Northern Ireland housing market 'could face collapse' after council reforms
The Department of the Environment has denied there will be an "adverse impact" on the housing market from local government reform after a former Law Society president warned that the market "faces collapse" because of confusion over planning matters.
Solicitor Brian Walker has claimed there will be mayhem in the housing market early next year through the "failure of government to adopt an urgent and co-ordinated approach to the consequences of local government reforms".
Mr Walker said a lack of clarity on the process of council amalgamation risks damaging the fragile property market. The DoE power to issue property certificates – required before any house sale can take place or a mortgage approval can be granted – is transferring to councils in April 2015.
However, with new councils being established and boundaries being redrawn, the process will be mired in chaos, claimed Mr Walker, a Portadown-based solicitor and senior Law Society member.
From April 2015, solicitors involved in house sales will have to apply to councils for property certificates, but Mr Walker warned: "There is a big danger that if nothing is done in the next few weeks then no mortgages will be completed by May 2015."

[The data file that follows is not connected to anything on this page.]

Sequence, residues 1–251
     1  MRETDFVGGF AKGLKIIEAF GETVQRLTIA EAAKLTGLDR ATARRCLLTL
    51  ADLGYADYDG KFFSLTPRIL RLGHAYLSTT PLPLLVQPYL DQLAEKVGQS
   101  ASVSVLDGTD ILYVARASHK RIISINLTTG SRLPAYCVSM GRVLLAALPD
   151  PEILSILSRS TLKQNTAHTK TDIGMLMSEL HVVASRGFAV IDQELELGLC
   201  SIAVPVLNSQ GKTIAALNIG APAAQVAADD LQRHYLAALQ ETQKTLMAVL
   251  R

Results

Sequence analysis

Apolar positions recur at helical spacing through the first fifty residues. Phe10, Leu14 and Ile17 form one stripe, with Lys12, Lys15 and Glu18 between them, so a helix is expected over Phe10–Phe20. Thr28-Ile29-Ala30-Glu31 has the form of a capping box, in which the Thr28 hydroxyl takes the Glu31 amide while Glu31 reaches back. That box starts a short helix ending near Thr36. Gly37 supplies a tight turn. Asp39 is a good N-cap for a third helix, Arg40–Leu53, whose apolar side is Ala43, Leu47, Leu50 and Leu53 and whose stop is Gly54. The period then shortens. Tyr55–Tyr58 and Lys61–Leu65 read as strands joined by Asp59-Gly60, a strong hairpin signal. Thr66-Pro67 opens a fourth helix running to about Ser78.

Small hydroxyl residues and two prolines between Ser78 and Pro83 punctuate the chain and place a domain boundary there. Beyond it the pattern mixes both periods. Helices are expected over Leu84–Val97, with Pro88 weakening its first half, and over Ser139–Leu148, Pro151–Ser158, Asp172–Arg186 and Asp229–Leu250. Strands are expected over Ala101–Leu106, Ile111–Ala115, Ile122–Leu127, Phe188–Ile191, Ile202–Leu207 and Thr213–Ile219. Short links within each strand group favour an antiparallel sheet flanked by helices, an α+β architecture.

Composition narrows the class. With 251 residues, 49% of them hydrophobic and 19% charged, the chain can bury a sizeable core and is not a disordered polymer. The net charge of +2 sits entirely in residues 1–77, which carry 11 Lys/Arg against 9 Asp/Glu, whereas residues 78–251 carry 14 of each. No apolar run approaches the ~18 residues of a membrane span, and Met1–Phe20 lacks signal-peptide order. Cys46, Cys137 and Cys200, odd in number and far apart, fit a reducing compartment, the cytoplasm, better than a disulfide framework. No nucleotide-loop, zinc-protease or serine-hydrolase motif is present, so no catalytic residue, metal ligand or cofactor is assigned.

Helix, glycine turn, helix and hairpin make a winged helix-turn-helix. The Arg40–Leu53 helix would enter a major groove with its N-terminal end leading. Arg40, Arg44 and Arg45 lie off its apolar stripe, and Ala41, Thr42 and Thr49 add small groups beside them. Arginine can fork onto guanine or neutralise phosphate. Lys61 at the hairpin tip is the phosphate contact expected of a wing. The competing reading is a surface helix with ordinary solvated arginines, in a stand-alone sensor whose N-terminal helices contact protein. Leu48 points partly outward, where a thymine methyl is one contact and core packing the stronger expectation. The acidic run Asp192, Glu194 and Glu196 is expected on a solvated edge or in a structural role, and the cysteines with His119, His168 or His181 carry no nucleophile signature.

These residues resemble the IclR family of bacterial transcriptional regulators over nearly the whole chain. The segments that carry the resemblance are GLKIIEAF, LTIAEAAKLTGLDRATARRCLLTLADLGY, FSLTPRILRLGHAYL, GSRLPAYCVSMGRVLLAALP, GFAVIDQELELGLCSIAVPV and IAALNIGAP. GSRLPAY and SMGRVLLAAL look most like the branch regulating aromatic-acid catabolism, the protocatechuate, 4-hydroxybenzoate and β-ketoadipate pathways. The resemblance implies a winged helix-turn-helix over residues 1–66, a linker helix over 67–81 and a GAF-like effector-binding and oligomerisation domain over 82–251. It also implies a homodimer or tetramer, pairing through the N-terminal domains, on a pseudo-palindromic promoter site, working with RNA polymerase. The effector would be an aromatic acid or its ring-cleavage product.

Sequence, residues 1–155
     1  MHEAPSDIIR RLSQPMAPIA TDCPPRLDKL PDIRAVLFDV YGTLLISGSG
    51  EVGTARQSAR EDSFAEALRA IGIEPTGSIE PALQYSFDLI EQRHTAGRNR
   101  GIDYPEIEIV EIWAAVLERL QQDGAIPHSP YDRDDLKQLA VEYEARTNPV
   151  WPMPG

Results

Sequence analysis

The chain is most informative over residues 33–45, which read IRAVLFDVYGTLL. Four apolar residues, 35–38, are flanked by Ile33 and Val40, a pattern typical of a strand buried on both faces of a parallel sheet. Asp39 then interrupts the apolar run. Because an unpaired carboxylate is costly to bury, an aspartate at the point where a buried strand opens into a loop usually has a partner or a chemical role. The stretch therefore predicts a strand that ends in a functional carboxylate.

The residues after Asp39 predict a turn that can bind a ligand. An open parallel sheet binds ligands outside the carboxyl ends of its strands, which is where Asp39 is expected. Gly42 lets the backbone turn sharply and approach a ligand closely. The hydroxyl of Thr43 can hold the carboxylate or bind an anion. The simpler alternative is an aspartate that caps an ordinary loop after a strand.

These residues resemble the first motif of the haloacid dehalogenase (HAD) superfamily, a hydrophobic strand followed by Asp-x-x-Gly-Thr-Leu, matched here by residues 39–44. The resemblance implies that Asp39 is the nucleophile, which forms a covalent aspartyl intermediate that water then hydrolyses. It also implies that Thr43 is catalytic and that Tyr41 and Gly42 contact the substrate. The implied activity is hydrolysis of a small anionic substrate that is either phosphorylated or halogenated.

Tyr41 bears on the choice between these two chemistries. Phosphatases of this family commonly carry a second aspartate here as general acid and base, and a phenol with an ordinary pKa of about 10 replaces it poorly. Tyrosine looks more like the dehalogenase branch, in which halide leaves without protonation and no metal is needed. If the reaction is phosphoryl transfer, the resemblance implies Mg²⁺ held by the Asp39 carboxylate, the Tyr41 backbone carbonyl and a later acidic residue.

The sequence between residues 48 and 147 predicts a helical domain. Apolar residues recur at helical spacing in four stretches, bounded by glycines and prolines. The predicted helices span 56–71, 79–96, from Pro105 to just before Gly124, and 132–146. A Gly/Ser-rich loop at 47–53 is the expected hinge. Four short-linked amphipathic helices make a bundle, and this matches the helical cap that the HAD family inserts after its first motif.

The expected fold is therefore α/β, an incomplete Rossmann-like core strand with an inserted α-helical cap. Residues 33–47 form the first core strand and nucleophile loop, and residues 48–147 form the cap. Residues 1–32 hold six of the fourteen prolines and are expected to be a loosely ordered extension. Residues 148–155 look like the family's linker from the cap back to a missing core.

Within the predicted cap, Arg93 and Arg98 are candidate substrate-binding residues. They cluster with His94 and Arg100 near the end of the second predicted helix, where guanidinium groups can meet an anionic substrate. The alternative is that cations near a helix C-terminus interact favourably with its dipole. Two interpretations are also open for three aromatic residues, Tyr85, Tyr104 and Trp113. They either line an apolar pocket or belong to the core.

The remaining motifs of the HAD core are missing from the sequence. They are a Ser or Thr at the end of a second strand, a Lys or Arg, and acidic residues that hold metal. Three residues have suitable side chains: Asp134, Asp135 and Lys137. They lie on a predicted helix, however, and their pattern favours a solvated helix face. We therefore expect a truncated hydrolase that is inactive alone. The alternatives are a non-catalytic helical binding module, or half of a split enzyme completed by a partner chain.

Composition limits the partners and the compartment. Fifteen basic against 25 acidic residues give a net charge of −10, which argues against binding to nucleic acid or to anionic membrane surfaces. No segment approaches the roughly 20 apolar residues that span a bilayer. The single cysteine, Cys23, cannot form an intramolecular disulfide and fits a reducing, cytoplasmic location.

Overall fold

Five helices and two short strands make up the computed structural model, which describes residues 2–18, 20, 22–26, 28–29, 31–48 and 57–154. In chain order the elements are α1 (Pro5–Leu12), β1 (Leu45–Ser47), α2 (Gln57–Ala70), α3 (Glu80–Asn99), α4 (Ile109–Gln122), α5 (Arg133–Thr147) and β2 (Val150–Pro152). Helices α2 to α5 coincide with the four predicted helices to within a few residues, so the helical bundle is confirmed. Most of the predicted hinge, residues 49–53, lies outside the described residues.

A spokesman for the Department of the Environment said it had appointed transition committees to oversee the amalgamation of the present 26 councils into 11 new bodies and to ensure the housing market is not affected.
"The department is working very closely with local government on this issue, to ensure a seamless transition so that the property certificate system will work very effectively post-transfer. It is essential that there will be no adverse impact on the housing market as a result of the transition," he said.
Solicitors are fearful of anything that might harm the housing market recovery after a massive downturn in conveyancing fees in recent years.
Law Society president Richard Palmer said earlier: "For solicitors it was not just the area of conveyancing which was affected by the stagnation of the property market, it also impacted on other traditional areas of solicitors' work, such as matrimonial matters and administration of estates, which, of course, were often dependent upon the sale of a property or properties."